align to Michigan state standards.
Judge Stephen J. Murphy III sympathized with the students, but in
his June 29 ruling, rejected their
due process claim. He also said that
the students hadn't proven that
they were given an inferior education because of their race.
"Applying for a job, securing a
place to live, and applying for government benefits routinely require
the completion of written forms.
Simply finding one's way through
We're not doing well
in state courts
anymore. ... Maybe
it's time to look at
federal courts again."
Professor of Law,
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many aspects of ordinary life stands
as an obstacle to one who cannot
read," he wrote. "But those points do
not necessarily make access to literacy a fundamental right."
Supporters say there's a bit of a silver lining in the decision: The judge
didn't rely on the earlier education
precedents in dismissing the case, and
concluded instead that the U.S. Supreme Court had never ruled on the
narrower issue of a right to literacy.
That might explain why the ruling
tread so carefully, legal experts said.
"It would have been heartening, but
what I saw was a court unwilling to be
bold," said Black of the University of
South Carolina. "You can understand
why a district court plays it safe. It's
kind of hard to imagine your average
court of appeals being bold, either.
It's a monumental step people have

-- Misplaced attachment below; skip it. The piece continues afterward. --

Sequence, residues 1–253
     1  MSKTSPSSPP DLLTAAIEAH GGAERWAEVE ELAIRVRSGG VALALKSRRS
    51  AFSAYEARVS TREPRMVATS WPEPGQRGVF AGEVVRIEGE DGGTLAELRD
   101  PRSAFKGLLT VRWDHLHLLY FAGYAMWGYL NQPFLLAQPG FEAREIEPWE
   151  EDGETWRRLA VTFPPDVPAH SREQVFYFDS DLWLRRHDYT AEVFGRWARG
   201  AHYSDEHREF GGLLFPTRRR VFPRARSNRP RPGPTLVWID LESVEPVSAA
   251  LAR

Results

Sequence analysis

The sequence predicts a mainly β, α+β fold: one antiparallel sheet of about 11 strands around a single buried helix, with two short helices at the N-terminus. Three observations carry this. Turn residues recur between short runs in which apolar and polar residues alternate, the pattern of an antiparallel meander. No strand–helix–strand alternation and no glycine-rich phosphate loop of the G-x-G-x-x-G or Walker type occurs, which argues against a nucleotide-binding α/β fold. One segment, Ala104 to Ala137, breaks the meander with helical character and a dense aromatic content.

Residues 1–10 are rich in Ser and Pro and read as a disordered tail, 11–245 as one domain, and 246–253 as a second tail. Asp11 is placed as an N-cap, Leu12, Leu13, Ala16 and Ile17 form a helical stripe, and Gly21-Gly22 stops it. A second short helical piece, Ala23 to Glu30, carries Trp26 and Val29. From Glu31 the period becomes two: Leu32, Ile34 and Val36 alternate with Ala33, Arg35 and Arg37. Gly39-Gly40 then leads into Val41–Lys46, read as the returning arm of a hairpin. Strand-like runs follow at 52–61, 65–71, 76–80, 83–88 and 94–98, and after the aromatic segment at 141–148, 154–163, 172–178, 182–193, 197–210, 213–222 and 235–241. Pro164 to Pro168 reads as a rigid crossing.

talked about for half a century or longer, and it's really the U.S. Supreme
Court that could take the next step."
The students plan to appeal, said
Mark Rosenbaum, the director of the
Project for Opportunity Under Law
at Public Counsel, a public-interest
law firm representing the Detroit
"There's not a more meaningful,
more relevant civil rights issue in
the United States today than what
happens to children when they go
to public schools," he said. "It's the
hope of the democracy, the linchpin,
the means by which children have
opportunity to better their lives and
become civic participants."
In the Wings
Other similar federal lawsuits are
pending. A Connecticut challenge
filed in 2016 argues that the state
has failed to provide all its students
with a "minimally adequate education" and seeks to win them more
And Michael Rebell, a professor
and executive director of the Campaign for Educational Equity at
Teachers College, Columbia University, said he plans to file a federal
education lawsuit this fall, though he
wouldn't disclose the venue yet. In it,
he'll argue that the right to an education goes beyond the minimally adequate one outlined in the other cases.
"We agree with plaintiffs in the
Detroit case that there is a right
under the federal Constitution but
want to present evidence that the
rights should be defined in much
broader terms," he said.
Even if any or all of the cases advance, they are virtually guaranteed
to be appealed up to the U.S. Supreme Court. And the experts acknowledge that the court's ideological makeup makes it unlikely that
any of them will succeed-if it even
takes up one of them. The court has
four conservative judges, and President Donald Trump has nominated a
fifth conservative, Brett Kavanaugh,
to fill the open slot.
Still, supporters say it's worth rolling the rock up the hill some more.
"These efforts will last until there's
a sense that it's just not going to
work," Stanford's Koski said. "I think
we need to test it a whole bunch of